Factors Contributing to Leadership Effectiveness Among Deans of Graduate Schools of Education Open Access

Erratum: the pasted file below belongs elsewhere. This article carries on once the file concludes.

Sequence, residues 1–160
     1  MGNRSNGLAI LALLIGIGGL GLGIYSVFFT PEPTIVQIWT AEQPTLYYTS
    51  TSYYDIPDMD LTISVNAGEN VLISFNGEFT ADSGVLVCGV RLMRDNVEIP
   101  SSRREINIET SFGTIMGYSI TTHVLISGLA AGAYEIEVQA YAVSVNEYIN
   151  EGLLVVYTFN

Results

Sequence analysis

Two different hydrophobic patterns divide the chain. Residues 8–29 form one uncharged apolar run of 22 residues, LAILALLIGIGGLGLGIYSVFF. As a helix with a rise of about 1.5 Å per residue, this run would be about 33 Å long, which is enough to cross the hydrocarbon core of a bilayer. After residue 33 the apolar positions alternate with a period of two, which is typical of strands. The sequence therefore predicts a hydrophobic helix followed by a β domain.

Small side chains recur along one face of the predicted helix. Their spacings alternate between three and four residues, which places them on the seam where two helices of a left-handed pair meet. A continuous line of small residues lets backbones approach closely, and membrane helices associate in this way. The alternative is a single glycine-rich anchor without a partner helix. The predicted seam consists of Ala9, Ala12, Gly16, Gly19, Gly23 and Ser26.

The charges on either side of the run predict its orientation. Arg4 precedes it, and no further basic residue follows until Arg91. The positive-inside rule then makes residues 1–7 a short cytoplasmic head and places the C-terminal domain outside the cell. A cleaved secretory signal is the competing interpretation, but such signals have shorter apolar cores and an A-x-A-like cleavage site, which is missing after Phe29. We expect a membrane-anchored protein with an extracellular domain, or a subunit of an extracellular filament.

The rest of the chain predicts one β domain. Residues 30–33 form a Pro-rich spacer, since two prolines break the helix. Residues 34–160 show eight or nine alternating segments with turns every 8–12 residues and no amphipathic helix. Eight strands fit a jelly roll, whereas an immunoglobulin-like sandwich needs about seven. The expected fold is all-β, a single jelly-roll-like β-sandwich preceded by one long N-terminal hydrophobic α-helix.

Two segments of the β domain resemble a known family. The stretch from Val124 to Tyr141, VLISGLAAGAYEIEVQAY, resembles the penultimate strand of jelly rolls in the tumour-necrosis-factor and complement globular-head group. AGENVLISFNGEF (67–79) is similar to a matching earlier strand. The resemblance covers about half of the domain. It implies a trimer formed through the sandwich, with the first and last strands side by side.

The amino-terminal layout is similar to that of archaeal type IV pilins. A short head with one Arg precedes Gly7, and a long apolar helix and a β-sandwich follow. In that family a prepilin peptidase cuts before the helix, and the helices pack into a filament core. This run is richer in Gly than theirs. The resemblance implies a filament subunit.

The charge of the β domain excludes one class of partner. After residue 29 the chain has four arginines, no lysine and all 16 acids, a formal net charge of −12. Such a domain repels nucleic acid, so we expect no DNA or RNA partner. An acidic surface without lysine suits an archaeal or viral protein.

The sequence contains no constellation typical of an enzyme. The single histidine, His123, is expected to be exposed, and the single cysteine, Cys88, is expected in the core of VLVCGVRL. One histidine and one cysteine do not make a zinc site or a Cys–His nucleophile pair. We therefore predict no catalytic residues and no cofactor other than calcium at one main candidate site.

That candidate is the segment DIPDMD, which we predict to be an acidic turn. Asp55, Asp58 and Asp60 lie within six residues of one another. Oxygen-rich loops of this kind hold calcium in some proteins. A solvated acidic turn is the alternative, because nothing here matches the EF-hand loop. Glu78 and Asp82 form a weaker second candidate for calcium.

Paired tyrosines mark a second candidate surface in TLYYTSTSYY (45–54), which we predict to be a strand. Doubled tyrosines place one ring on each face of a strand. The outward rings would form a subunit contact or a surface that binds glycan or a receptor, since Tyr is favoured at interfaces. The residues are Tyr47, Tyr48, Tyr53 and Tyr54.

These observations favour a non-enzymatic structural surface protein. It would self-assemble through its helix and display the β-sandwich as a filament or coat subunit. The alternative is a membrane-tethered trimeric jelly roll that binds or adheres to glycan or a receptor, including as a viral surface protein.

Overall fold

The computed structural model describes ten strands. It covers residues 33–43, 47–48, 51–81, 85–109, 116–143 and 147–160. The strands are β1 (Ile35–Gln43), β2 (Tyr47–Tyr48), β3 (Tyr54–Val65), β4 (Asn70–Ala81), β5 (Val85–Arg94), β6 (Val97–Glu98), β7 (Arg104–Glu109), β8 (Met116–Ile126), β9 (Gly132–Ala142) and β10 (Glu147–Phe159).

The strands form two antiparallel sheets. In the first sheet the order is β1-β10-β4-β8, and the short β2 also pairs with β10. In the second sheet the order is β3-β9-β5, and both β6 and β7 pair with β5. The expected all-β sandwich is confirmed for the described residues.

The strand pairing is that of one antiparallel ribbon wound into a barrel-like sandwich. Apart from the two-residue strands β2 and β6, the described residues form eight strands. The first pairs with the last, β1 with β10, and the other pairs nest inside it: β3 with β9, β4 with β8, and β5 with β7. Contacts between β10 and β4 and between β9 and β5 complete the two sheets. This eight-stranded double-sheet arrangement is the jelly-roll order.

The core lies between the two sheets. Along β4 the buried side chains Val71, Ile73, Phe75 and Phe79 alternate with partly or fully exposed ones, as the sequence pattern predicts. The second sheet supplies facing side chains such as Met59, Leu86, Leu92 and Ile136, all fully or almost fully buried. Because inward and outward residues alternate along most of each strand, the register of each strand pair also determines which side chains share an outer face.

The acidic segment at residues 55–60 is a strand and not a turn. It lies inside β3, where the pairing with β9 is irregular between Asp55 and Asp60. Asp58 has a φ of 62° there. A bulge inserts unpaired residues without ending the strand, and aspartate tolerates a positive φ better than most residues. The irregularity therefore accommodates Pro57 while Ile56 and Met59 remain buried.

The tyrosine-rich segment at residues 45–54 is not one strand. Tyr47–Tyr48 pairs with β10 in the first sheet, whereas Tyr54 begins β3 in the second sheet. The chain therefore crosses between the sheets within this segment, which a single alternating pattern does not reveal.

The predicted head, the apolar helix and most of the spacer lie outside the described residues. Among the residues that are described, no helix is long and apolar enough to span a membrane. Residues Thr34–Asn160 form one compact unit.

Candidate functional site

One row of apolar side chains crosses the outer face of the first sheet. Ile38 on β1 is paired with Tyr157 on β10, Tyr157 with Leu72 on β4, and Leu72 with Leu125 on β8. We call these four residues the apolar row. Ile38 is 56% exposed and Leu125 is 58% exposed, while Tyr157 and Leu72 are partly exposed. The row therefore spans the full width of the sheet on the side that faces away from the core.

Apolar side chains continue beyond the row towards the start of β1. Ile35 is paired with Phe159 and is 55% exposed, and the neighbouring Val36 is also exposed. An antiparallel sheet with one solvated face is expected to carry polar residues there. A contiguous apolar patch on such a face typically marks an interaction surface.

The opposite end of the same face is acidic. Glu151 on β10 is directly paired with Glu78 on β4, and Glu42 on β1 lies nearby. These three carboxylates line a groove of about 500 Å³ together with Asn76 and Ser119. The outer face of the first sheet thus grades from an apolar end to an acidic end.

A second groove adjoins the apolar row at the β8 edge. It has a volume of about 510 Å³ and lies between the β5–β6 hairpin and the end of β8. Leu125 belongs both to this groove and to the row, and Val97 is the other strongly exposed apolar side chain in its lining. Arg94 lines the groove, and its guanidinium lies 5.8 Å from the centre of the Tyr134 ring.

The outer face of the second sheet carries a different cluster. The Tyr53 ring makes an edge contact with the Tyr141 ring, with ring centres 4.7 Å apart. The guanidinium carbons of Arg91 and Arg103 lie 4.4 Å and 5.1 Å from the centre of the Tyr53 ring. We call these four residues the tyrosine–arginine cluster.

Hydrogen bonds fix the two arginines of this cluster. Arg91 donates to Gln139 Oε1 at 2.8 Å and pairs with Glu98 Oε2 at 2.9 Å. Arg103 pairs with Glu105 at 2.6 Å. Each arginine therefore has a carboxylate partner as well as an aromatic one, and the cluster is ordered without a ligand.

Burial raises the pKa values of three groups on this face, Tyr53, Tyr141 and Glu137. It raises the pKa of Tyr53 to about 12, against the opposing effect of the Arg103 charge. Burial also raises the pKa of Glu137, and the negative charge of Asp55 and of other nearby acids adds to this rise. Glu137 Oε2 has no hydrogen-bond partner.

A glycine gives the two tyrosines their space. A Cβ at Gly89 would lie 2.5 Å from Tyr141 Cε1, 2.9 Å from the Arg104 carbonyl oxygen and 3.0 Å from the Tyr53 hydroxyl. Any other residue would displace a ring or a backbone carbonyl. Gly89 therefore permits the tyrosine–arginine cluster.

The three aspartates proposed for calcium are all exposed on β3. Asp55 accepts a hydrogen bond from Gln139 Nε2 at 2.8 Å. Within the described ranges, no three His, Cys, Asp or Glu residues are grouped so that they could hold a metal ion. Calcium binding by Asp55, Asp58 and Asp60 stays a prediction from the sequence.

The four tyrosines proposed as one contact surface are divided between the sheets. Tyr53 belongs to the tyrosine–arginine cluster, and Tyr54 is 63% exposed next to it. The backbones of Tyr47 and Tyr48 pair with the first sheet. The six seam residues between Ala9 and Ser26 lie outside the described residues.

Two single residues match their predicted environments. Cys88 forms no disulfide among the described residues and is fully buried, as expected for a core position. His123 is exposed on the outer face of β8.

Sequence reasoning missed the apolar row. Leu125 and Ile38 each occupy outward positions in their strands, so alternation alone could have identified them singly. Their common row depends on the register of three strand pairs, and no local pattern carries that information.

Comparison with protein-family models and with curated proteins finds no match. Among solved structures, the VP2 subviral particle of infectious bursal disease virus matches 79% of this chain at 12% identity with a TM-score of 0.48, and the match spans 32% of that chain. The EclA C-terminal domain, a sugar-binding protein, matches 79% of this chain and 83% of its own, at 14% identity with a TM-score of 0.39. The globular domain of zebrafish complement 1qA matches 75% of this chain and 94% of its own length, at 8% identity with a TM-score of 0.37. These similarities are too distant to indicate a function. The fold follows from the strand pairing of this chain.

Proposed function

Factors Contributing to Leadership EffectivenessAmong Deans of Graduate Schools of EducationThis study was conducted to investigate the extent to which certain leadership styles and selected personal and professional profiles of academic deans of graduate schools of education are associated with their leadership effectiveness. The study was also designed to explore experiences of the academic deans with the obstacles hindering their job effectiveness, and the strategies they pursue to overcome such obstacles.The data for the study was collected from 240 deans of graduate schools of education. The findings indicated that a majority of the deans were typically faced with a number of obstacles that their solutions were not within the boundary of their authority. Such obstacles included budget restrictions, imbalanced authority versus responsibility, and challenges with bureaucratic system. There was a common agreement among the participating deans regarding the importance of a number of factors contributing to their leadership effectiveness. Such factors included demonstrating honest and ethical behavior, resolving conflicts in a professional manner, taking responsibility for decisions, and creating a mutual trust atmosphere.A number of conclusions were drawn from testing the research hypotheses. Transformational leadership style was concluded to be positively and significantly correlated with the coaching and participating approaches to leadership effectiveness. Years of experience as a dean and years of teaching experience were concluded to be positively correlated with leadership effectiveness of academic deans. Males tend to more likely favor the telling/directing approaches to leadership effectiveness as compared to their female counterparts. Academic deans who served private institutions tended to use different approaches to leadership as compared to their counterparts in public institutions. It was also concluded that younger academic deans were more in favor of the telling/directing approaches to their leadership effectiveness. It was further concluded that Whites and Caucasians are more likely to use the selling/coaching approaches to their leadership effectiveness.Finally, based on the conclusions and implications drawn from the findings of the study, a number of recommendations were made to academic deans to help overcome the obstacles hindering their job effectiveness and several suggestions were made to future researchers to conduct additional studies related to the topic.
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